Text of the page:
Re: [gentoo-dev] Proposal for how to handle stable ebuilds

2008-12-10 Thread Donnie Berkholz
On 19:08 Mon 17 Nov , Tobias Scherbaum wrote:
 That would people require to use common sense. The past has shown that
 people tend to have different views of what common sense might be in a
 given case. Therefore policy in that aspect needs to be as clear and
 understandable as possible to avoid unnecessary discussions.

I'd rather say people need to figure out common sense so we don't need 
to document hundreds of pages of every tiny detail. It seems like the 
vast majority of people don't have a problem with figuring this stuff 
out.

-- 
Thanks,
Donnie

Donnie Berkholz
Developer, Gentoo Linux
Blog: http://dberkholz.wordpress.com


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Re: [gentoo-dev] Proposal for how to handle stable ebuilds

2008-12-10 Thread Donnie Berkholz
On 13:13 Mon 10 Nov , Mark Loeser wrote:
 Instead of addressing archs as being slackers or not, this addresses it
 as a more granular layer of looking at ebuilds.  Thanks to Richard
 Freeman for the initial proposal that I based this off of.  Please give me
 feedback on this proposal, if you think it sucks (preferably with an
 explanation why), or if you think it might work.

I'm not convinced why this needs to happen, because there's no reasoning 
behind it here. There needs to be rationale for why this should happen 
with pros and cons. dang mentioned a few pros from the maintainer side, 
the arch team ones are pretty easy to come up with.

-- 
Thanks,
Donnie

Donnie Berkholz
Developer, Gentoo Linux
Blog: http://dberkholz.wordpress.com


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Re: [gentoo-dev] Proposal for how to handle stable ebuilds

2008-11-15 Thread Matti Bickel
Tobias Scherbaum [EMAIL PROTECTED] wrote:
 Mark Loeser wrote:
  Removing Stable Ebuilds
  
  If an ebuild meets the time criteria above, and there are no technical 
  issues
  preventing stabilization, then the maintainer MAY choose to delete an older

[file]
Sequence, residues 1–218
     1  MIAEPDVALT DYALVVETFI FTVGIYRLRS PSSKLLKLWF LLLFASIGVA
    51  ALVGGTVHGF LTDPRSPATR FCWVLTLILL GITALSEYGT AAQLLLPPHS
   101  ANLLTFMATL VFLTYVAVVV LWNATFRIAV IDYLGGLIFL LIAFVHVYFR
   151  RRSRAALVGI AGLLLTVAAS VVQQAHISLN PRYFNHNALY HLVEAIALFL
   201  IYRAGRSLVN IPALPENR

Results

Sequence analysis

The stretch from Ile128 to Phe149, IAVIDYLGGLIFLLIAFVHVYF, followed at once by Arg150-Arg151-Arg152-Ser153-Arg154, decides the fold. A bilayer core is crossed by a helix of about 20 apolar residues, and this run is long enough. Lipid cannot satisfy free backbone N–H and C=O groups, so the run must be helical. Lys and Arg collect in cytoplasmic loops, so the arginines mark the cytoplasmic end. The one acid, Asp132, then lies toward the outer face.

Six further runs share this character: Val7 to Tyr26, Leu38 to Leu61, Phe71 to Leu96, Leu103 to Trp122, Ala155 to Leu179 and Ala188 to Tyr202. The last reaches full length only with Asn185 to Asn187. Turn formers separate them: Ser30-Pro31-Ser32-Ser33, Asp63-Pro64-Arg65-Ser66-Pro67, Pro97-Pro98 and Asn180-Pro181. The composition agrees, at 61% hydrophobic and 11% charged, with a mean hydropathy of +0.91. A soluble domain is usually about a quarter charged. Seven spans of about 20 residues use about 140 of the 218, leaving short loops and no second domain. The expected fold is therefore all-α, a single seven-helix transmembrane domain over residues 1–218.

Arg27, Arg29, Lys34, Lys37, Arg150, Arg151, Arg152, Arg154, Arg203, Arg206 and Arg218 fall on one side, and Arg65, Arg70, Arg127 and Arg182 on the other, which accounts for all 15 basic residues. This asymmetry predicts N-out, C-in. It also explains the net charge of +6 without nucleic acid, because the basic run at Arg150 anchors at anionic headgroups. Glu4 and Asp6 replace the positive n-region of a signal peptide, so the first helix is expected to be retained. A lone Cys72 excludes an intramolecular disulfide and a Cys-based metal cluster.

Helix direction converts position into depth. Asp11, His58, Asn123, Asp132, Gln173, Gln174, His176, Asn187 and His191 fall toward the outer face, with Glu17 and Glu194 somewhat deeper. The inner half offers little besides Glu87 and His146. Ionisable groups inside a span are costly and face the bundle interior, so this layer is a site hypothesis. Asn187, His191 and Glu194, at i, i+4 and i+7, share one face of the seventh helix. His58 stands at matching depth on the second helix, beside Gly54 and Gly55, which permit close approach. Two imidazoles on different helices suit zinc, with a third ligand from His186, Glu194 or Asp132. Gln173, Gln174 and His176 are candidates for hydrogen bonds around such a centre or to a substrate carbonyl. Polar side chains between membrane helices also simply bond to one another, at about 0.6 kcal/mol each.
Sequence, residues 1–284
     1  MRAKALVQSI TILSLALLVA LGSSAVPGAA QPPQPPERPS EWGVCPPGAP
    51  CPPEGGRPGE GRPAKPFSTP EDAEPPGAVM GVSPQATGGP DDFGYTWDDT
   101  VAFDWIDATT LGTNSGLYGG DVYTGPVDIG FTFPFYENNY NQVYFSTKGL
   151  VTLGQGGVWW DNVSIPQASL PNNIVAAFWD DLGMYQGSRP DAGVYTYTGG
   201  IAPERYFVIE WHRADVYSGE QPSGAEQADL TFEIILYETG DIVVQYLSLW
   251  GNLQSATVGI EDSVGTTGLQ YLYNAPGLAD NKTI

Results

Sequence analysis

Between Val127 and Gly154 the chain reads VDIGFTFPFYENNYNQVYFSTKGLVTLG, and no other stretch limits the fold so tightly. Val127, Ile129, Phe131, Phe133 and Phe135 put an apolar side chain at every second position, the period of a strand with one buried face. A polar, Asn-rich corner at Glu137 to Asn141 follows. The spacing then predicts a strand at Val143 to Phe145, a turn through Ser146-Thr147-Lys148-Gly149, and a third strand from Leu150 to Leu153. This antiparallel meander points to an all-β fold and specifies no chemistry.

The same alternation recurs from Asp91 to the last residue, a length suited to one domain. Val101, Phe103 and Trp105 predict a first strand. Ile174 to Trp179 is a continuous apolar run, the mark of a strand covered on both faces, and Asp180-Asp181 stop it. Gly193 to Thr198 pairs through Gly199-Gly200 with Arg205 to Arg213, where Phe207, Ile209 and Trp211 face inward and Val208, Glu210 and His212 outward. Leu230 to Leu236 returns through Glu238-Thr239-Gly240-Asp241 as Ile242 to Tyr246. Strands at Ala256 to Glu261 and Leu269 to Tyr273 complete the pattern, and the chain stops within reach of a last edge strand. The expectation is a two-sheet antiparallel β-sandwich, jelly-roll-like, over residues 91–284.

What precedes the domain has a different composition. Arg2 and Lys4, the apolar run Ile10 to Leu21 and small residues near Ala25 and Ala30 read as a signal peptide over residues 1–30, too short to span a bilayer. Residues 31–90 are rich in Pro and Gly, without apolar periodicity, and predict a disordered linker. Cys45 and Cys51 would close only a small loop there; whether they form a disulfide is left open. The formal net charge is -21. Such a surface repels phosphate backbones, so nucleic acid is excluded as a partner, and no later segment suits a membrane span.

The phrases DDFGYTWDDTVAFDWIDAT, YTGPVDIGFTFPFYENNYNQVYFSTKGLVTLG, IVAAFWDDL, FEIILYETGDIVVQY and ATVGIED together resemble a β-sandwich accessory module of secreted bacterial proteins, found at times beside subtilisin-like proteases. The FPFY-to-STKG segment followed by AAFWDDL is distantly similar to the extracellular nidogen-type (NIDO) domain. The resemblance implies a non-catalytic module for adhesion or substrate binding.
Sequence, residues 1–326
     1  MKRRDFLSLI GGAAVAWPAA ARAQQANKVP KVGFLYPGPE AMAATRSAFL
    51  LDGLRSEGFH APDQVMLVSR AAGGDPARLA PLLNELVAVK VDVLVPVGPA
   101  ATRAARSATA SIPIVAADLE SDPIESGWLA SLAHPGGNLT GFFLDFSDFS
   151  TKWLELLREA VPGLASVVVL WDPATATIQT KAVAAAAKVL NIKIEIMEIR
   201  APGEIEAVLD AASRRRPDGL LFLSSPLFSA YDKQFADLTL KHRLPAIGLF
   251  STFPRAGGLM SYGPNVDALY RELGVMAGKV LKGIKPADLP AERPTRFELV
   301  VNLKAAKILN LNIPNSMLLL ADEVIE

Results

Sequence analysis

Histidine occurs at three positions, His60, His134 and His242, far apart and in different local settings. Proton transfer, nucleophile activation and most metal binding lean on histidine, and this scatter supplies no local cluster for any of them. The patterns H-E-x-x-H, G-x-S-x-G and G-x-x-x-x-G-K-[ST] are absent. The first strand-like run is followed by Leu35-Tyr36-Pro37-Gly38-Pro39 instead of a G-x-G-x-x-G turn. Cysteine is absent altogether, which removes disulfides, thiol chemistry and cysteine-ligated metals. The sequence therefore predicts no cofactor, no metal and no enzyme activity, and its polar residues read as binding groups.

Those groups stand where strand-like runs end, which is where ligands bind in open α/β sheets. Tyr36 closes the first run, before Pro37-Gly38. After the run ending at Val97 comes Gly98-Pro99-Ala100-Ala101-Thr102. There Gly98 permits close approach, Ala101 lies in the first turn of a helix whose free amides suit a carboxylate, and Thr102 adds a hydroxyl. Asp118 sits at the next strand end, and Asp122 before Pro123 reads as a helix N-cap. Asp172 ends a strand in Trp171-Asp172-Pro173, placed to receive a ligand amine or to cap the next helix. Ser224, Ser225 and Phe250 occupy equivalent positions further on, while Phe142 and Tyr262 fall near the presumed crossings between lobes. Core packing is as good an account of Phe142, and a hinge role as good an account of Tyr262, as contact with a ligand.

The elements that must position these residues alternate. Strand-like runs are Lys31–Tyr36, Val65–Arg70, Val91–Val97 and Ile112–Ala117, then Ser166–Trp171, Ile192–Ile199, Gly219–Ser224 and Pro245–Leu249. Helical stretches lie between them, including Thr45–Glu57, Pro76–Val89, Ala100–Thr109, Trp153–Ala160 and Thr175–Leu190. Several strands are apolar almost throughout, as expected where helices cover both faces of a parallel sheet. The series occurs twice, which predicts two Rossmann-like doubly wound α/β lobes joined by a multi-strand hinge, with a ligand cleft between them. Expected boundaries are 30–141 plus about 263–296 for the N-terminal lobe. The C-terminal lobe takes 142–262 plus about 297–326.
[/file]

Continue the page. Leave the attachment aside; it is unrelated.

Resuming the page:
version even if it is the most recent stable version for a particular arch.
 
 What if this would break deps or it's a very common package for example
 belonging to the set of system packages?

Then the maintainer moans and does nothing. I guess that's where the
MAY part from above comes in. Policy should not be an excuse to stop
thinking. And if i break a user system when i drop my stable keywords,
IMHO i'm violating the 'work as pleasently and efficiently as possible'
bit of our philosophy.

It isn't that we have arch teams denying ebuilds their blessing because
they're evil. Maybe they're overworked, maybe they even have a real
life. Or maybe they have stated that your ebuild has QA issues (as
Ferris did), which should be noted and fixed by the maintainer.

So bottom-line: i'm very much in favour of your solution to question #1.
And i'd like to stress the automatic bit. Yes, we can get access to
tinderboxes. But last i looked, this involved tracking down the person
responsible for it, asking for access and doing everything you need to
get your package to compile. Well, i'm lazy, so i didn't do it.

Automatic tinderbox testing would very much help in the process. Maybe
someone can write a script so that once a maintainer opens/gives his OK
to a stable bug, automatic testing could be started and the results
posted back to the bug?

After the timeframe (30 days? 60? I don't know, and it's not important
at this point) maintainers could move to stable their package themself
IF the automatic tests indicate success AND no arch member has spoken
up.

just my $0.02
-- 
Regards, Matti Bickel
Signed/Encrypted email preferred (key 4849EC6C)


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Re: [gentoo-dev] Proposal for how to handle stable ebuilds

2008-11-13 Thread Tobias Scherbaum
Mark Loeser wrote:
 Removing Stable Ebuilds
 
 If an ebuild meets the time criteria above, and there are no technical issues
 preventing stabilization, then the maintainer MAY choose to delete an older
 version even if it is the most recent stable version for a particular arch.

What if this would break deps or it's a very common package for example
belonging to the set of system packages?

If we would opt for such a fixed timeframe for architectures teams to
fix bugs I'd like to rate those bugs at least partially like security@
does - that would allow us to have different timeframes for
stabilization depending on how much the package in questions is
(expected to be) installed at our users' systems. 

In my opinion we would need to address two main concerns with this
discussion:
1) What can we do to help understaffed architecture teams?

What about using a tinderbox (yeah, i know - we have lots of tinderboxes
already around) which automatically (re)builds stable-candidates and
those of the candidates which a) includes a test phase and b) pass that
test phase might be stabled by the maintainer/herd and not only the
architecture team, for example?

2) When do we move an architecture back to ~arch?

We would need to define a threshold of when an stable architecture has
to enter a probation period (and who and what's going to start that
process) and a timeframe after which either the architecture is moved
back to ~arch or the architecture team has proven that it is able to
maintain stable keywords (define who's going to decide this).
  
  Tobias


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Re: [gentoo-dev] Proposal for how to handle stable ebuilds

2008-11-11 Thread Peter Volkov

Why it's so hard not to delete ebuilds from the tree? Also it was
already discussed that if maintainer wishes he/she could drop some
keywords from old ebuild, e.g. if you have more recent version of